Urban revamp: Reimagine public spaces in Bengaluru

The Urban Revamp Design Challenge is inviting proposals for reimagining two newly-identified public spaces in Bengaluru.

The Urban Revamp Design Challenge – conceived by Young Leaders for Active Citizenship (YLAC) and Sensing Local, under the Sustainable Mobility Network, in partnership with the Institute of Urban Designers India (IUDI), Curiosity Alliance Foundation, and Kasturi Nagar Residents Welfare Association – is back in 2023.

They are inviting proposals for reimagining two newly-identified public spaces in Bengaluru: CV Raman Nagar (Ward 117) and Padarayanapura (Ward 168). This initiative aims to blend technical expertise with citizen participation to transform certain parts of the city.

About the second and first editions

A common scenario experienced by rapidly urbanising Indian cities today is that irrespective of their geographical location, level of development and state of economic stability, the quality of life in the public realm is extremely poor.

The second edition of the initiative aims to give both professionals and students from the field of architecture, urban design, public space design, spatial planning, and other allied fields the opportunity to submit proposals to reimagine public spaces in two wards of Bengaluru – CV Raman Nagar (Ward 117) and Padarayanapura (Ward 168).

The first edition of the challenge drew nearly 150 participants comprising urban planners, designers and architects. Winning designs were selected through presentations to city officials and experts as well as citizen voting, and the winning teams pitched their ideas to the Bruhat Bengaluru Mahanagara Palike (BBMP) for implementation.

The first site for this year’s challenge, CV Raman Nagar builds on the idea of place-making where the aim is to revamp a long-defunct space under and alongside a flyover – an ‘urban void’, and design it to become more functional and usable by the residents of the neighbourhood.


Read more: Guess why women avoid cycling in our city


The other site, an active public square at a road intersection in Padarayanapura, builds on the idea of place-keeping, where the aim is to strengthen the existing character and improve the functionality of a happenstance urban square that has organically been appropriated into shared public space and is used by several groups of residents and visitors in the neighbourhood.

An illustration of women cycling
Representative image. Reimagining public spaces. Illustration: Sahana Subramanian

Competition details

Entries for the challenge can be submitted as a team of individuals or as a firm/ office. At least one member of the team should be residing in Bengaluru or be able to commute to Bengaluru for the public engagement events (visioning workshop and presentation to the community, if shortlisted).

Interested teams can find the design brief, competition and registration details in the following link: www.urbanrevamp.in.

The deadline for registration is May 26, 2023.

The top two entries from each site will be given a prize money of INR 30,000 for first place and Rs 20,000 for second place.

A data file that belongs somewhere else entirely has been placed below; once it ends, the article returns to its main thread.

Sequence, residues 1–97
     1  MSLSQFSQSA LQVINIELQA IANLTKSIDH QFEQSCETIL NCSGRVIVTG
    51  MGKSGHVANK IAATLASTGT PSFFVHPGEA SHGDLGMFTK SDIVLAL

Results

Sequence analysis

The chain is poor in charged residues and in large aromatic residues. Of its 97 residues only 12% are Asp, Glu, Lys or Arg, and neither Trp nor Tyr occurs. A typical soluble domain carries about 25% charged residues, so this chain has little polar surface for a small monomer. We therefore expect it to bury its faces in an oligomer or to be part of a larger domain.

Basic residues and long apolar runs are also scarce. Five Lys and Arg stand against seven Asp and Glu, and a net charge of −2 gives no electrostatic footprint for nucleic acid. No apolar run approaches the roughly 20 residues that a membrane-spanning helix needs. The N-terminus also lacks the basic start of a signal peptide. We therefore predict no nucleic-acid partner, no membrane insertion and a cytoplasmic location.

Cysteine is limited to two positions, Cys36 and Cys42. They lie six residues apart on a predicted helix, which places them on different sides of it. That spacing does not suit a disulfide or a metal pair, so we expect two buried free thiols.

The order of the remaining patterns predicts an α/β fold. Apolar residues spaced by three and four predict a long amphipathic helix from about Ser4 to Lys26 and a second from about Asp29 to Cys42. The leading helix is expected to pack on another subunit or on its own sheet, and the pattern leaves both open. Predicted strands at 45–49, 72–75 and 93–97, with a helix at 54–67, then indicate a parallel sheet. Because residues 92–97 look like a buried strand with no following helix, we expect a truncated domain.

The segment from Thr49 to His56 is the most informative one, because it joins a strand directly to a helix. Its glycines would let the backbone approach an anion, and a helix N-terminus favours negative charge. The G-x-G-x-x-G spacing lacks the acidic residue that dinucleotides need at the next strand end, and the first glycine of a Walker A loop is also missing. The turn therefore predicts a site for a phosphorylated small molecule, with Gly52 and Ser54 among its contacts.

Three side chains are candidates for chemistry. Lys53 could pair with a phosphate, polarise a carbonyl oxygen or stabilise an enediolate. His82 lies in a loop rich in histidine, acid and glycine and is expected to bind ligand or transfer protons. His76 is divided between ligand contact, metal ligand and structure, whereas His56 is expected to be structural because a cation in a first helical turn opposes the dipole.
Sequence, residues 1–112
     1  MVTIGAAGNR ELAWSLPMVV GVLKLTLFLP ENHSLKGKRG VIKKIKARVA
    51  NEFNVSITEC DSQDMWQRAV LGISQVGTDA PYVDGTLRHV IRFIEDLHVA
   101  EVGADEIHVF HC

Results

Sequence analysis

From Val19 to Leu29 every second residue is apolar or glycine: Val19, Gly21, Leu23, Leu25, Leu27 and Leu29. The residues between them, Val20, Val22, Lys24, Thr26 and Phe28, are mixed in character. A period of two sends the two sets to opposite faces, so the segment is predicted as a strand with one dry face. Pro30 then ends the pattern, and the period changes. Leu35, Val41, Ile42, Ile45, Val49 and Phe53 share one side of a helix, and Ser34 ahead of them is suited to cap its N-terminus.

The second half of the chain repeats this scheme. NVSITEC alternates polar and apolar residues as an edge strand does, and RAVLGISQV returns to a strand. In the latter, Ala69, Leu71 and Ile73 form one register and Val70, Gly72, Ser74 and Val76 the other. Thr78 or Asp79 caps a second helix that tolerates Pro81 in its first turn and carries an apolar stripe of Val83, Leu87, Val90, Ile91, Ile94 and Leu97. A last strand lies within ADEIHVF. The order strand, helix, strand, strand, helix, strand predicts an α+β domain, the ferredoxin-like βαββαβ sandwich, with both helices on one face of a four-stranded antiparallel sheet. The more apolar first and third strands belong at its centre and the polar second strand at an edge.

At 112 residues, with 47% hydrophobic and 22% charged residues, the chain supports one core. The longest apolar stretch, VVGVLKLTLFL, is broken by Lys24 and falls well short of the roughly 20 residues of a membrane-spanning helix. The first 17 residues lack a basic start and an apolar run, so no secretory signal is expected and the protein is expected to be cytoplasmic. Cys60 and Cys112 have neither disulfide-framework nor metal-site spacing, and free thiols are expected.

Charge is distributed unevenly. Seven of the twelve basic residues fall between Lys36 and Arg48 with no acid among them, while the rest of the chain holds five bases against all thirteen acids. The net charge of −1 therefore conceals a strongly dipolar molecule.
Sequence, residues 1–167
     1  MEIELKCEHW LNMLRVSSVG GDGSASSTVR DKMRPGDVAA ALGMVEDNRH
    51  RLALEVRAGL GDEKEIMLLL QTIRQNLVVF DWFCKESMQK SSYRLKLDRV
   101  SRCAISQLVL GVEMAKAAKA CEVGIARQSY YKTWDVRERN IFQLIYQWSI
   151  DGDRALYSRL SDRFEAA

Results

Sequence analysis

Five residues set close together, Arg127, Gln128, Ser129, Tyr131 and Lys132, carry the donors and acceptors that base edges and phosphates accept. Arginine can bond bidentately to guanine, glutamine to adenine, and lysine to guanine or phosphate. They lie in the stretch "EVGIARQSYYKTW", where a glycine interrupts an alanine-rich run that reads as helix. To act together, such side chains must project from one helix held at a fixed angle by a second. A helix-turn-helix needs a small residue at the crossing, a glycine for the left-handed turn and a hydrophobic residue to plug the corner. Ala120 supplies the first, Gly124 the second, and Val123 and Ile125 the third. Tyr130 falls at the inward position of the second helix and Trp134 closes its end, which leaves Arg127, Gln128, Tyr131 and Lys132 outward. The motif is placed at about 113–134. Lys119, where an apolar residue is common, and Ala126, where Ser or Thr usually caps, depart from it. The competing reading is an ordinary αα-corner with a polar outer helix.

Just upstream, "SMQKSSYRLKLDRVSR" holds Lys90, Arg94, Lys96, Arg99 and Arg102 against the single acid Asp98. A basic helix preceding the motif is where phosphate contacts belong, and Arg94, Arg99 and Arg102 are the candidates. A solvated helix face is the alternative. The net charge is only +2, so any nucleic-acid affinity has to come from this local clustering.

Further, the winning teams of both sites will present their designs to the BBMP and will have the chance for their designs to be put to tender by the administrative body for execution on-site.

[Content courtesy Team YLAC and Sensing Local]

Also read:

Leave a Reply

Your email address will not be published. Required fields are marked *

This site uses Akismet to reduce spam. Learn how your comment data is processed.

Similar Story

City Buzz: Delhi ranks 350th in global index | Heat wave grips north… and more

In other news: Heat-related illnesses claim lives; Urban women in salaried jobs at 6-yr low and Delhi issues first bus aggregator licence.

Delhi ranks 350 in global index; no Indian city in top 300 Oxford Economics’ new ‘Global Cities Index’ report ranks Delhi at 350, the highest among 91 Indian cities. This was the first edition of the index, released on 21st May by the global advisory firm, Oxford Economics, which is assessing metropolitan cities across 163 countries on five parameters - economics, human capital, quality of life, environment, and governance. The top three cities in the list are New York, London and San Jose. In the category of human capital, which “encompasses the collective knowledge and skills of a city’s population,” measured…

Similar Story

Bengaluru citizens’ solutions to combat civic activism fatigue

Citizens cite diversity, recognition, a sense of ownership, and ward committees as vital to keep the flame of civic activism alive.

(In part 1 of the series Srinivas Alavilli and Vikram Rai wrote about their experience of moderating the masterclass, 'Is there burnout in civic activism?’, at the India Civic Summit, organised by Oorvani Foundation. Part 2 covers the discussions and insights by the participants)  The 35 plus participants in the masterclass-'Is there burnout in civic activism?', at the India Civic Summit, organised by Oorvani Foundation, were divided into six groups, who shared their observations and solutions to civic activism apathy. While nine questions were put to vote, the following six got the maximum votes in the following order:  Is there…